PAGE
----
Editor’s note: “International Business Corner” is a weekly column written by Joan Keston that will be providing information for people involved in or considering international operations. Keston is an international business consultant. Over the next several months she will be writing about important issues that international businesses face as they compete in the 21st century global business environment. This article addresses some factors in the market analysis regarding developing countries.

RALEIGH – According to Goldman Sachs in a report published in October, 2003 (“Dreaming With the BRIC’s: The Path to 2050), as we proceed towards 2050 strategic choices for firms doing business internationally become more complex, and being in the right emerging market becomes an increasingly important strategic choice.

Although we have already seen major changes in global business and the effects domestically, significant measurable impact will begin to be felt by 2009.

The landscape of leading economies will be quite different from today, including several developing countries in place of the current list of leaders.

How Do We Determine Where To Do Business?

Most, if not all, global strategic analyses will include developing countries as necessary market targets or sources for goods and services. Although many of the factors included in this writing are applicable to more advanced economies, they encompass somewhat different characteristics when pertaining to developing economies.

• Regional Penetration

A market study or analysis will help you determine which country should be targeted as the entry market for a particular region in regards to market considerations for your products or services.

• Infrastructure

Does the country have the infrastructure necessary for your business to achieve its goals and objectives? Infrastructure includes the ports, airports, roads and other means of internal transportation, telecommunications.

• Corruption Index

Transparency International, the global coalition against corruption, issues surveys and indices on world corruption by country. The corruption level in a particular country may affect your choice of where and how to do business.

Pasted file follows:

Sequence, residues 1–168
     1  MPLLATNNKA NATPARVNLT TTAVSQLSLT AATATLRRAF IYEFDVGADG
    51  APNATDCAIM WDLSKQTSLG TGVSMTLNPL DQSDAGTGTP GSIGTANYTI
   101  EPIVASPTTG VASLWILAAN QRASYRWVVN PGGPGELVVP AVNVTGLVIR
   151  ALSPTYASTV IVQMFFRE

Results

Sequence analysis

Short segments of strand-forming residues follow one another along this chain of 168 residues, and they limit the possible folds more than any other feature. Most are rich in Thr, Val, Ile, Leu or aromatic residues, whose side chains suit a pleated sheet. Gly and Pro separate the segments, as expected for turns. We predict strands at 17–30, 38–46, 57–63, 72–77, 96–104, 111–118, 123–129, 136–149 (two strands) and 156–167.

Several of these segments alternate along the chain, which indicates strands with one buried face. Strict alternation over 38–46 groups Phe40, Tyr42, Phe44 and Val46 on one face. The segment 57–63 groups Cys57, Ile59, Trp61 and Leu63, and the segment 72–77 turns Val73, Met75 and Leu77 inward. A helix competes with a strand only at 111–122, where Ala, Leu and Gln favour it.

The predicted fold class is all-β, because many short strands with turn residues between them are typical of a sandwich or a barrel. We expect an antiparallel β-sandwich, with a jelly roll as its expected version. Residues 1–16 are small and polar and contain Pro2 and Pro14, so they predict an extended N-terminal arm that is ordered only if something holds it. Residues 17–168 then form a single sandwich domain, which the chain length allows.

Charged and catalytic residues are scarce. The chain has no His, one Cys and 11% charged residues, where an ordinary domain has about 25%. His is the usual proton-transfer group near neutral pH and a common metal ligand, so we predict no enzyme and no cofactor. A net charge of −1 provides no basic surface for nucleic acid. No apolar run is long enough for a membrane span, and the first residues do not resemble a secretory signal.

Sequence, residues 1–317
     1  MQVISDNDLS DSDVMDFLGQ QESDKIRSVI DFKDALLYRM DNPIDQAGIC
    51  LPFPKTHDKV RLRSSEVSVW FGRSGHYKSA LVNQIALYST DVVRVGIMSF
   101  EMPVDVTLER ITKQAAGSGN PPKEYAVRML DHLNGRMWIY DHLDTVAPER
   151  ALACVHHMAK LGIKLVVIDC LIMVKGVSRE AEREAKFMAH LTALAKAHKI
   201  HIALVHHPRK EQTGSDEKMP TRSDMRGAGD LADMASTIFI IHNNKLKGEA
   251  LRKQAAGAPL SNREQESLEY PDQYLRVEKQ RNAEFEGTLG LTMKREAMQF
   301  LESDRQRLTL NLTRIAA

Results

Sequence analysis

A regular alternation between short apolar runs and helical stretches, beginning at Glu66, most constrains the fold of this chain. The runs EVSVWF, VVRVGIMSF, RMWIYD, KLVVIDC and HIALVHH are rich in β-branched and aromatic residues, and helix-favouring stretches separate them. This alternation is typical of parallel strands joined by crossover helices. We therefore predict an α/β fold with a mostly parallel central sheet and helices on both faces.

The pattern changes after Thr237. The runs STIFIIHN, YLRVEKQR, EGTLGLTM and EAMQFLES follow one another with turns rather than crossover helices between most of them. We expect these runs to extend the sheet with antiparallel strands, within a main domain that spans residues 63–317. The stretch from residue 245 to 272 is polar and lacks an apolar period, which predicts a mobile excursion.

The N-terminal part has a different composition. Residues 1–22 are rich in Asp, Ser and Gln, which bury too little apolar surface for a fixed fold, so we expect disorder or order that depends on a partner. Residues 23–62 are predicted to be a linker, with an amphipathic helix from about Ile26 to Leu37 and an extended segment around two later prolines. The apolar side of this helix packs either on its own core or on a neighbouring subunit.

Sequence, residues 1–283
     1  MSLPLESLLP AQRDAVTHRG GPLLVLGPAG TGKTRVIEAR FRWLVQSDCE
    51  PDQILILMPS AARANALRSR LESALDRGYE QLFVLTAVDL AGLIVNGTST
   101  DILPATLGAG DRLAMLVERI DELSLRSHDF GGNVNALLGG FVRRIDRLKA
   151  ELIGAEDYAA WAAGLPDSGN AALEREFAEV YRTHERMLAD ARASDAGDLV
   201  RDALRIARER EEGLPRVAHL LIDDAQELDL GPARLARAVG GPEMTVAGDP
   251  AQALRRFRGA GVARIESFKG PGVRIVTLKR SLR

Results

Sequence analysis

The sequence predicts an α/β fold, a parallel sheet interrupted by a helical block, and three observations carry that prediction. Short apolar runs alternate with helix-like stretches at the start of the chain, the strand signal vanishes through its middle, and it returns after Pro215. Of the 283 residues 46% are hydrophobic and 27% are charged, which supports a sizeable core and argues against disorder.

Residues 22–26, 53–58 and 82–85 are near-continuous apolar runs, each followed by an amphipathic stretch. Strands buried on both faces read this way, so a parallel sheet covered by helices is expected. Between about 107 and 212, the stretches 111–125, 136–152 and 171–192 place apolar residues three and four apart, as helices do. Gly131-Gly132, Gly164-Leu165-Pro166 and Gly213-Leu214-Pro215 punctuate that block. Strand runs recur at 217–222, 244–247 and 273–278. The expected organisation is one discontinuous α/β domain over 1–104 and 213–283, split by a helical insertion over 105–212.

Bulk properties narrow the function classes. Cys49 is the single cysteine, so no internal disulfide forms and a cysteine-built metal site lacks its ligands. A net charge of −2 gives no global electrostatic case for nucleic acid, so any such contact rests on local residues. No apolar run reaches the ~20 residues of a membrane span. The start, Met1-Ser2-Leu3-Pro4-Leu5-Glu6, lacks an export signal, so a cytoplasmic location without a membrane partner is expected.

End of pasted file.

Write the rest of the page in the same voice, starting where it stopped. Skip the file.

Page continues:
• Management Team

The local management team is essential to achieve your maximum entry into a foreign market. You must be able to assemble a team with the necessary management and financial sophistication to understand your corporate culture, including your legal and accounting requirements, and the foreign business culture. Integration of both cultures is important. They must also have the necessary political and industry contacts, be able to manage and energize the sales and marketing team, be dedicated to your company, etc.

• Country Risk Analysis

A number of services evaluate the overall risk of doing business in a country, including an analysis of the political, economic and commercial risk. This information may be valuable in deciding where to do business.

Although several of these concepts may appear to be theoretical, they have very serious and direct implications for the products and services a company may wish to commercialize in a given country. They will also directly affect the analysis and decision of doing business in a particular country, or the choice of country through which a company may enter a global region.

The developing countries have tremendous social and economic obstacles to overcome in order to achieve their full potential in the global economy, and some are more advanced than others on the development spectrum. Regardless of specific outcomes, the global economy and global considerations have already changed most aspects of our existence, and will continue to do so.

Joan Keston has experience with mature as well as entrepreneurial companies, domestically and internationally, and with an executive managerial and legal background. She has a deep understanding of the business culture and issues involved in doing business in developing countries as well as Europe. She is the Managing Principal at Keston & Associates, Ltd., an international business consulting firm located in Raleigh, NC, and a Partner at Paladin and Associates, Inc. Her firm assists companies establish business operations throughout the world.